Read the full story in Grist.
Adrienne Titus was heading back to her parents’ village on a sweltering afternoon in early July when she saw the dead salmon. She had been fishing upstream with her mother on the banks of the gorgeous Unalakleet River, which Chinook, pink, coho, and chum salmon travel up every year in order to spawn. Down closer to the village of Unalakleet, though, there were no signs of life on the water that day — just hundreds of soft bodies floating belly up.
Titus, a 39-year-old Iñupiat woman who lives in Fairbanks but grew up in Unalakleet, had never seen anything like it before. Neither had her mother, or any of the village elders that they asked in this small fishing community on the shores of the Norton Sound in the central Bering Sea.
“It was scary,” Titus said. “It put fear into us.”
Similar reports of dead pink salmon came in all across the Norton Sound that week as temperatures soared into the high 80s and low 90s during a statewide heatwave that “re-wrote the record books,” according to the National Oceanic Atmospheric Administration. Fisheries biologists say that’s no coincidence: Warm water stresses the animals out, and temperatures above a certain threshold can kill them. In a statement issued on July 11, the Norton Sound Economic Development Corporation warned that the salmon die-offs appeared to be part of a “larger ecosystem-level shift” taking place due to rising temperatures.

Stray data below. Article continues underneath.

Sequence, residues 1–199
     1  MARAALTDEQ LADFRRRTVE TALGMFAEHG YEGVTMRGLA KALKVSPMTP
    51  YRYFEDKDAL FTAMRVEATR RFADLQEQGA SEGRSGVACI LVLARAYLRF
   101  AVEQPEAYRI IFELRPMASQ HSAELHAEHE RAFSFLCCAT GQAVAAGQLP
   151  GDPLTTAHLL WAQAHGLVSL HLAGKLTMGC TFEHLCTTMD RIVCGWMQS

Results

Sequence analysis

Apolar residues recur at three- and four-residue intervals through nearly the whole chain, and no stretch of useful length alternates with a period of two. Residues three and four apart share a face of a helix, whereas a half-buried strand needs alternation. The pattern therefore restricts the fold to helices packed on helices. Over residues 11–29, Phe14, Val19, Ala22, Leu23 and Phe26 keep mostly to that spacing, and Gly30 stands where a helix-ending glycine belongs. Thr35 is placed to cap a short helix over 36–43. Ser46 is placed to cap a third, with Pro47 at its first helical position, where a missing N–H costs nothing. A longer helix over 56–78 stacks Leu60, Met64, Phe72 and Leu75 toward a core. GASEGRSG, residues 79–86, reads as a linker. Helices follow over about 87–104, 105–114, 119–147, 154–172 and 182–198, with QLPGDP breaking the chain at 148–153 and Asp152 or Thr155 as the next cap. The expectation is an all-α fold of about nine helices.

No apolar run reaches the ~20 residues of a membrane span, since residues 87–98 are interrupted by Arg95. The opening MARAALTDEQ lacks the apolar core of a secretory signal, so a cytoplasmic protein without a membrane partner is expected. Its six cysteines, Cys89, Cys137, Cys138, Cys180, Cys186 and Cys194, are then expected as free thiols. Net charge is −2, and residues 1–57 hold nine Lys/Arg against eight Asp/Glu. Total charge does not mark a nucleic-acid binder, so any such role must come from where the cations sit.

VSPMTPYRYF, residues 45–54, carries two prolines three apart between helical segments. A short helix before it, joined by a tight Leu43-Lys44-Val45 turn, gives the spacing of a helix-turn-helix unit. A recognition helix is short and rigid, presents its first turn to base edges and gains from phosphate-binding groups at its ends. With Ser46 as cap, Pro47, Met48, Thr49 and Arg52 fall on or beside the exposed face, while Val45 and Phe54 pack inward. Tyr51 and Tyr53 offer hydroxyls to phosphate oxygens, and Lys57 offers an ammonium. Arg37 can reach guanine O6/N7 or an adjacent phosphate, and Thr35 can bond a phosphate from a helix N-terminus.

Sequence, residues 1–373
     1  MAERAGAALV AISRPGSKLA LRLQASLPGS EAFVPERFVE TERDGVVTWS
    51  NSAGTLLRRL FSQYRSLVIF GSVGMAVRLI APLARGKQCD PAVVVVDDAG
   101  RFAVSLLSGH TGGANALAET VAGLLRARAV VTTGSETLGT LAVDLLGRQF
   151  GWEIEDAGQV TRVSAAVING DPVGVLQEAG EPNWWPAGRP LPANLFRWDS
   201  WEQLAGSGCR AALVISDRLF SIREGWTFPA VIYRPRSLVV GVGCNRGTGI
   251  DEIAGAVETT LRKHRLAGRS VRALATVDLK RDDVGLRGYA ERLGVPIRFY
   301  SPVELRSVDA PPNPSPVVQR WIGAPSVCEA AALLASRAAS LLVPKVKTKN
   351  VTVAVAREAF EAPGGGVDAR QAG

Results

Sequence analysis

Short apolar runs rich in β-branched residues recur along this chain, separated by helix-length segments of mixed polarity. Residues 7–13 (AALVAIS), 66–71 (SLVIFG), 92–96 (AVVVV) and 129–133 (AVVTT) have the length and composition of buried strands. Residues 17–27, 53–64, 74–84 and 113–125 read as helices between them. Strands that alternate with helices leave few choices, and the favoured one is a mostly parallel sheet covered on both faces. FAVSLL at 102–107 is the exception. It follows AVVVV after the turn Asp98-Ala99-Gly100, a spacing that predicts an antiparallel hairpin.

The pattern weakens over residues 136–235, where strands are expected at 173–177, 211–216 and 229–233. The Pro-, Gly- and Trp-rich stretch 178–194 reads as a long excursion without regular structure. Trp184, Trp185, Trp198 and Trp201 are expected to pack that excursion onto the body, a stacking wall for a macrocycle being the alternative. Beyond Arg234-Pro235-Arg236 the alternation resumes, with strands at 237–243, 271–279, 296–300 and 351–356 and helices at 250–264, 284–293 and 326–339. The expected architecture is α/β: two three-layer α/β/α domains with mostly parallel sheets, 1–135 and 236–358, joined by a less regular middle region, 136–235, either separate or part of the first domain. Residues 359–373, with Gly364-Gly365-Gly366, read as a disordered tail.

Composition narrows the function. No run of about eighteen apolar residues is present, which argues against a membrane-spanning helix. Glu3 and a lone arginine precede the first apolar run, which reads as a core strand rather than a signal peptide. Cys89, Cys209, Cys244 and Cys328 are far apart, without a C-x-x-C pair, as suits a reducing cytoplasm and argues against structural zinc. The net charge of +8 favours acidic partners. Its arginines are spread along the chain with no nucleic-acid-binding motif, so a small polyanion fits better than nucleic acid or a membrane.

It’s just one of countless alarming signs of change Alaskans have experienced lately. July was Alaska’s hottest month in recorded history, thanks in part to that torrid heat wave. March through August? The state’s warmest six-month period, with temperatures hovering 6.4 degrees F above long-term averages. From vanished sea ice to skies choked with wildfire smoke to animals appearing where they shouldn’t or not appearing where they should, the impacts of a fast-warming climate were visible everywhere residents looked.